What Should Pediatricians Do When Their Patients Can’t Sleep?
The newest member of our Sleep Disorders Center, Vaisal Shah, MBBS, MPH, discusses which patients may benefit from seeing a sleep specialist.
Many children resist going to sleep, but sleep soundly through the night once they finally get to bed. But for the 30 to 40 percent of children with sleep disorders, sleep time is more stressful than restful.
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To accommodate a growing number of pediatric patients needing care, Cleveland Clinic’s Sleep Disorders Center recently welcomed Vaisal Shah, MBBS, MPH, who completed his pediatric training and a sleep medicine fellowship at Cleveland Clinic. He joins pediatric pulmonologist Fred Royce, Jr., MD and sleep medicine expert Sally Ibrahim, MD.
Consult QD spoke with Dr. Shah about the pediatric sleep disorders program and sleep disorders in children.
Q: What sleep disorders are most common in the pediatric population?
A: Obstructive sleep apnea (OSA), parasomnias (sleepwalking, night terrors) and insomnia are what we see most often in children and teens.
Q: What are some risk factors for sleep disorders?
A: Typically, large adenoids and tonsils are the most common reason for obstructive sleep apnea in children. However, we are seeing more patients with OSA due to the increase in childhood obesity. Insomnia is commonly associated with behavioral problems and poor sleep habits. Smart phone use before bedtime is a major problem among teenagers who go to sleep later but still have to get up early so they get too little sleep.
Q: What are some negative consequences of insufficient sleep in children?
A: Insufficient sleep can lead to irritability, hyperactivity and difficulty focusing during school, which impairs academic performance. Younger children may have behavioral problems, become overly aggressive and hyperactive, and are easily distracted. Teenagers may fall asleep while driving and are at higher risk of accidents.
Q: What treatments are effective for pediatric sleep disorders?
A: For sleep apnea, the most effective treatment is adeno-tonsillectomy and, if needed, continuous positive airway pressure (CPAP). We may also refer patients to our pediatric obesity management clinic or for other treatments.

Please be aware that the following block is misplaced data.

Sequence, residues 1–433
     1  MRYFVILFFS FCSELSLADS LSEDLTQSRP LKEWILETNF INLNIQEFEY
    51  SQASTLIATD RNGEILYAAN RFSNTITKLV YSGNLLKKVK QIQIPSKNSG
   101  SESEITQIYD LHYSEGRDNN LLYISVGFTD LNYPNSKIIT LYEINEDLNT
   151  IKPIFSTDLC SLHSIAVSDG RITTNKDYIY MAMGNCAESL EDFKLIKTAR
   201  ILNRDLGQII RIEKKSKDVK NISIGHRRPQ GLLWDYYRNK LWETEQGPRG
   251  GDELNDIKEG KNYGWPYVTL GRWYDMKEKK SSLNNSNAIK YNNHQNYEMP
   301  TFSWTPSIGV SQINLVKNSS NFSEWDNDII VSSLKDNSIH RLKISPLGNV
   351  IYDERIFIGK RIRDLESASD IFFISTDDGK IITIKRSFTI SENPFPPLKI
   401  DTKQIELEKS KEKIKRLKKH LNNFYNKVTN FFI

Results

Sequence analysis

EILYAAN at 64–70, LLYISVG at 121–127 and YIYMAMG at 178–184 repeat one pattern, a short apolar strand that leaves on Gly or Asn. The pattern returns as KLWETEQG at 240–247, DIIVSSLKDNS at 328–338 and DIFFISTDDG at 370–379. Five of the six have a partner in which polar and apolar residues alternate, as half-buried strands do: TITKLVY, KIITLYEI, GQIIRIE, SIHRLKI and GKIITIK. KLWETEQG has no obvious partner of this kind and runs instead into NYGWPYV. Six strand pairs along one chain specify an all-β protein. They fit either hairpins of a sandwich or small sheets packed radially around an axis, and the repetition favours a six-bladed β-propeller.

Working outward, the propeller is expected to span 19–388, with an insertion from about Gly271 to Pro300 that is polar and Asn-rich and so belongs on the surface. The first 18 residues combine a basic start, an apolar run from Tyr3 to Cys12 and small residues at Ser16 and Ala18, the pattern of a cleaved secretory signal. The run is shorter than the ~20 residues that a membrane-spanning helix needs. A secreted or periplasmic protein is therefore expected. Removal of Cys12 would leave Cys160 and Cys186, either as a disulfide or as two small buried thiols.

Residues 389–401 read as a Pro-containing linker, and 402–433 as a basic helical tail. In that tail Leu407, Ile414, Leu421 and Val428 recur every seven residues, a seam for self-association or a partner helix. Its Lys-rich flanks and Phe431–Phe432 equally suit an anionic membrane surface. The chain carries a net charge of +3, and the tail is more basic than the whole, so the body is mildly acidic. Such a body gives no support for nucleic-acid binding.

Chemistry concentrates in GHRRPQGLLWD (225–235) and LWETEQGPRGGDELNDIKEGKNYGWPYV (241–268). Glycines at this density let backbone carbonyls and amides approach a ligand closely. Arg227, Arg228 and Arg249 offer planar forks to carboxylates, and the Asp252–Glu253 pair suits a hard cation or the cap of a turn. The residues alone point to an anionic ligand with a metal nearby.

For insomnia, cognitive-behavioral therapy is the standard treatment. We use medications only in severe cases. Our pediatric psychologists, who have training in sleep issues, teach patients cognitive-behavioral therapy and address any underlying problems. They also help patients having difficulty using CPAP.
Many patients with parasomnias can grow out of them. A few patients with severe problems may need a sleep study to identify triggers such as obstructive sleep apnea and/or medications.
Q: What guidance can you provide to pediatricians regarding sleep disorders?
A: Sleep disorders in children are underdiagnosed, so it would be helpful for pediatricians to conduct a brief sleep screening at well-child visits, asking a simple question such as “Do you have trouble falling asleep or staying asleep?” Or use the BEARS questionnaire in clinic to screen for sleep problems.
Q: When should pediatricians refer patients to a sleep specialist?
A: If the patient has sleep issues that can’t be differentiated by screening and focused evaluation, if they don’t feel comfortable conducting an initial evaluation or prescribing treatment for sleep problems, or if the treatment isn’t working, referral is beneficial.
Our Sleep Disorders Center has the expertise and technologies to address the full range of pediatric sleep disturbances. We conduct a thorough medical and sleep history and physical exam to detect any medical conditions. If a sleep study is indicated, we have sleep laboratories equipped to evaluate patients of all ages.
Q: Regarding research, what studies of pediatric sleep disorders are currently underway?
A: I am investigating the metabolic aspects of sleep apnea to find out if obstructive sleep apnea is related to metabolic problems and if treating OSA improves metabolic conditions in the pediatric population. Research in adults has shown a relationship between insufficient sleep/OSA and metabolic issues.
My colleague, Dr. Ibrahim, has studied sleep therapies for autistic children, who often have difficulty sleeping, along with Thomas Frazier, PhD, of Cleveland Clinic’s Center for Autism. Dr. Ibrahim is also involved with national efforts to study narcolepsy in children, as an investigator for the Early Onset Narcolepsy study group.